In his 1995 book The Vision of the Anointed, maverick American economist Thomas Sowell took aim at what he described as the prevailing vision of the intellectual and political elites. Dubbing them “the anointed,” Sowell worried that the degree to which their assumptions were taken for granted by “so-called thinking people” meant that no other way of looking at the world would be considered legitimate.
The media and expert reaction to the recent Brexit vote brought Sowell’s thesis to mind. You’d have to search high and low to find such an outpouring of bewilderment, condescension and bile.
It went like this.
How could the voters be so ignorant as to reject the counsel and values of the 21st century anointed? When the leadership of all major political parties, the IMF, the OECD, big business, Barack Obama and Mark Carney all joined hands to declare that the U.K. must stay in the EU, how could 52 per cent of a high-turnout British electorate blithely blow them off?
Really, the cheek of it! It was as if democracy was wasted on the little people, who were obviously no more than ill-informed, xenophobic rubes.
One of the quoted experts, a Canadian professor of politics at the University of Oxford, made his confusion clear: “I cannot understand the majority of the electorate.” In a less self-absorbed world, this might be construed as disqualification from expert status. After all, profoundly disagreeing is one thing, but – for an expert – an inability to understand is quite another.
To be fair, not all quoted professors were so unreflective. Jeffrey Kopstein of the University of California even thought that there might be something to learn: “What this is telling us, as professors, as scholars, is that we need to get out more. Because none of my friends, Facebook friends, real friends, none of them, thought this was going to happen.”
But it wasn’t just academics who were wrong-footed.
Of the seven pollsters in the field during the campaign’s last week, only one projected a Leave victory. Populus, which polled during the final two days, even had Remain winning by 10 points. Wouldn’t you like to be a fly-on-the-wall as they explain that to their next prospective client?
As for the smart guys in the betting markets, their estimation was that Remain had a 96 per cent chance of winning. And this, mind you, was after the polls had closed and the count was under way.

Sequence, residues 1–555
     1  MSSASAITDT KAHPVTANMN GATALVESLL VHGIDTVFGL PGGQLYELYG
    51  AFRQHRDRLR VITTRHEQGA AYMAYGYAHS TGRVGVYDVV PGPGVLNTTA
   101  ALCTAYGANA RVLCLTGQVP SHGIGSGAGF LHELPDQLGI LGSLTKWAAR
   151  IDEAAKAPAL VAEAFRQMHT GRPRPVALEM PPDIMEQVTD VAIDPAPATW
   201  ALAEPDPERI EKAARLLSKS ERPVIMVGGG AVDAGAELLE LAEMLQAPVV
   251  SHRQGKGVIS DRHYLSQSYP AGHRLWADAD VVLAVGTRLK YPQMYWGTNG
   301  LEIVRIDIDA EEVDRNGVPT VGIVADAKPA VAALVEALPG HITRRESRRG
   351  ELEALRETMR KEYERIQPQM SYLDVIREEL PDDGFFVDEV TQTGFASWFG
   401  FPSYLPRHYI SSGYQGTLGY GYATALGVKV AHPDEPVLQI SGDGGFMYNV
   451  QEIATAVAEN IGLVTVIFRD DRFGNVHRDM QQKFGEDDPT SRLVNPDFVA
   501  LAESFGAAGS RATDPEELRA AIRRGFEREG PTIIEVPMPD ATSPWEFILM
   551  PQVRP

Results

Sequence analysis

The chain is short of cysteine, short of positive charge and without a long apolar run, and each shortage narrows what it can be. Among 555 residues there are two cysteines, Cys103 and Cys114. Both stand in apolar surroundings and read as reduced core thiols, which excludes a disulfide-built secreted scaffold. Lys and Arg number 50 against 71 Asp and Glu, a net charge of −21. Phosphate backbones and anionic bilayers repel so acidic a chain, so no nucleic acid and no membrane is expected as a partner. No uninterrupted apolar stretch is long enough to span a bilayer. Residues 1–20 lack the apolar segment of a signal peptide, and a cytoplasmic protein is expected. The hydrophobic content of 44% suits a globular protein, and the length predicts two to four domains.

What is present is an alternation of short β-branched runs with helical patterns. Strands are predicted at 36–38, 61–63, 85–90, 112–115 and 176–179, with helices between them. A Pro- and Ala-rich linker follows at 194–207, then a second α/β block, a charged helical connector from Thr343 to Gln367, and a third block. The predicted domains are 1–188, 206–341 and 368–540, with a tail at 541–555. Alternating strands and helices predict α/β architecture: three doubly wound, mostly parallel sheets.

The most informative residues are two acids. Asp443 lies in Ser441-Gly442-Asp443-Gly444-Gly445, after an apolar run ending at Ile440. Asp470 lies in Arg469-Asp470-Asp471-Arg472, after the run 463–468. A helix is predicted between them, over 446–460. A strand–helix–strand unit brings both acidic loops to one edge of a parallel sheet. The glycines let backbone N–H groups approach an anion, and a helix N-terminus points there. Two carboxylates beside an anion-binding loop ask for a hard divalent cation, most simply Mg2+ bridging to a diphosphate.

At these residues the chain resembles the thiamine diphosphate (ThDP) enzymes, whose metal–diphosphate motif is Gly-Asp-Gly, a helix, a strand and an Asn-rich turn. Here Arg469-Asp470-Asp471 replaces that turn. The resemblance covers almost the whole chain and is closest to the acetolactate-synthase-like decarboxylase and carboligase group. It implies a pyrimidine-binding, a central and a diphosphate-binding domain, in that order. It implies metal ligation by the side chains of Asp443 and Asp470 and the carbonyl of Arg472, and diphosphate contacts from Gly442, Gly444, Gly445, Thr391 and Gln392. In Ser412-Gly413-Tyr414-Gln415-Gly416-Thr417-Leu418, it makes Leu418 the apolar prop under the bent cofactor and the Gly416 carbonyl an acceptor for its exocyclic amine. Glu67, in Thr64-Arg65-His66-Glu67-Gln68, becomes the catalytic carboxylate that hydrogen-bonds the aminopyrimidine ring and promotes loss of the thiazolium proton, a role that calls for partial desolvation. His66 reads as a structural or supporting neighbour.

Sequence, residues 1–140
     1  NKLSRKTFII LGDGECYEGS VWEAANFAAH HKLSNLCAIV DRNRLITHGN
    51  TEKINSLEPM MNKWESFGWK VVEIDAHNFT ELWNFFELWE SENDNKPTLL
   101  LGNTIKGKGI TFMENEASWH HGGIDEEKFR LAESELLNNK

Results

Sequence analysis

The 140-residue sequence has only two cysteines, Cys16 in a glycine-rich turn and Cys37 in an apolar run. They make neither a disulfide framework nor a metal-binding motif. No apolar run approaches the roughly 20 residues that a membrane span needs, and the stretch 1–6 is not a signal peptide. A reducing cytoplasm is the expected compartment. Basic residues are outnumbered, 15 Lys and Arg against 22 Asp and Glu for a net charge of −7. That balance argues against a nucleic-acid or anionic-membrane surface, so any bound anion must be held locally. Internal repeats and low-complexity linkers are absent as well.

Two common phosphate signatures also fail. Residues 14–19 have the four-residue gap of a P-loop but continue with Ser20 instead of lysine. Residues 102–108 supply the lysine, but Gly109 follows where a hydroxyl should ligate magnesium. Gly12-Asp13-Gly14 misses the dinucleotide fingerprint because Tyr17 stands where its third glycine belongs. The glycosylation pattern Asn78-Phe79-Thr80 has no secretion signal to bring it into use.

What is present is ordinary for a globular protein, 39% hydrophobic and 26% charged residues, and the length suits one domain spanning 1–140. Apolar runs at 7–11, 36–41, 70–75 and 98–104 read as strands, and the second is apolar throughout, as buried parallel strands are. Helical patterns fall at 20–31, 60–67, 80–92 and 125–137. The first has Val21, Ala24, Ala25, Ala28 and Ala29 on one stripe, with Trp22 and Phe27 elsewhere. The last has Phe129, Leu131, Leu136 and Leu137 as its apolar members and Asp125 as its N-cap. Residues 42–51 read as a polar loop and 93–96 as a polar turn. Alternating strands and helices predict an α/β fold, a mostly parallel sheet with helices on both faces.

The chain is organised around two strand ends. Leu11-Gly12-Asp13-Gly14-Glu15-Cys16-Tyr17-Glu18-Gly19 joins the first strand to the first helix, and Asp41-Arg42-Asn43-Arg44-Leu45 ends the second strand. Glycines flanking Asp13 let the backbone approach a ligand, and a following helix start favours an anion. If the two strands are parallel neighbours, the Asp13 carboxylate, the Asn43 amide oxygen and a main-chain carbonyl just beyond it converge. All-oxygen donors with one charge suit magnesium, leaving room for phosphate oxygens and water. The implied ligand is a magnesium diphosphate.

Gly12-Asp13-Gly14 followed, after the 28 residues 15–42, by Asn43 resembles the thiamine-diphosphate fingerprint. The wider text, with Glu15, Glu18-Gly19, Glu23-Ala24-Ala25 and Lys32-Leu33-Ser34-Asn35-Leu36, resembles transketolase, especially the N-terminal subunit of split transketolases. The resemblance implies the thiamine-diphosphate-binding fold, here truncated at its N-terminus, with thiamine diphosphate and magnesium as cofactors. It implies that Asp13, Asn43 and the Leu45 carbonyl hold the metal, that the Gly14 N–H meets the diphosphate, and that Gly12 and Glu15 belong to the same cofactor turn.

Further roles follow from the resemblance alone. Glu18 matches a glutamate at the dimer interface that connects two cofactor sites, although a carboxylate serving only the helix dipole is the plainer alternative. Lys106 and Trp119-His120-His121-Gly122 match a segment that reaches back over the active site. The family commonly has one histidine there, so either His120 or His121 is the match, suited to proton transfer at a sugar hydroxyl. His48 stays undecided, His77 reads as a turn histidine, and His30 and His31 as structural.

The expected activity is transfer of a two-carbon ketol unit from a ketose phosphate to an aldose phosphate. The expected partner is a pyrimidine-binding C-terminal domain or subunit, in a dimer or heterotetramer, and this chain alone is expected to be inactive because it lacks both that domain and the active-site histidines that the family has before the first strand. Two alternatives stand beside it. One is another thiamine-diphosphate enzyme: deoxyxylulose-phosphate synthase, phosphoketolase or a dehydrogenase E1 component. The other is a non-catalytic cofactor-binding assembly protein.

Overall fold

Along with the expressed disdain for the intelligence of the Leave voters, there were also some subtle attempts at delegitimising the vote.
The demographic split, whereby younger voters favoured Remain and older voters plumped for Leave, was a prime example. It was almost as if some votes should be considered more privileged than others.
And then there was the urban/rural cleavage. Sophisticated city dwellers could see the obvious advantages of the EU whereas backwards country folk just didn’t have the brain-power to get it.
But, on closer inspection, this line of argument frays around the edges.
Of the U.K.’s five largest cities, two – Birmingham and Sheffield – voted Leave. And a third – Leeds – came within 2,500 votes of doing so.
The point I’m making here has nothing to do with whether Brexit is or isn’t a good idea. Like all real world choices, it involves trade-offs, risks and an assessment of what values are ultimately most important.
However, as Sowell pointed out 20-odd years ago, when a particular perspective becomes dominant among elites – political, business, academic and journalistic – the range of “informed” public discussion shrinks dramatically. In a world where “diversity” has assumed talismanic proportions, there’s precious little of it to be found when “thinking people” engage on many controversial topics.
To borrow a formulation from Bloomberg columnist Megan McArdle, “In many ways, members of the global professional class have started to identify more with each other than they have with the fellow residents of their own countries.” But “nationalism and place” still matter to vast numbers of ordinary people. Hence the shock of Brexit’s reality check.
To quote an old poetic line from G.K. Chesterton while musing on the possibility of a specifically English nationalism: “But we are the people of England; and we have not spoken yet.” Now they have.
Pat Murphy casts a history buff’s eye at the goings-on in our world. Never cynical – well, perhaps a little bit. For interview requests, click here.
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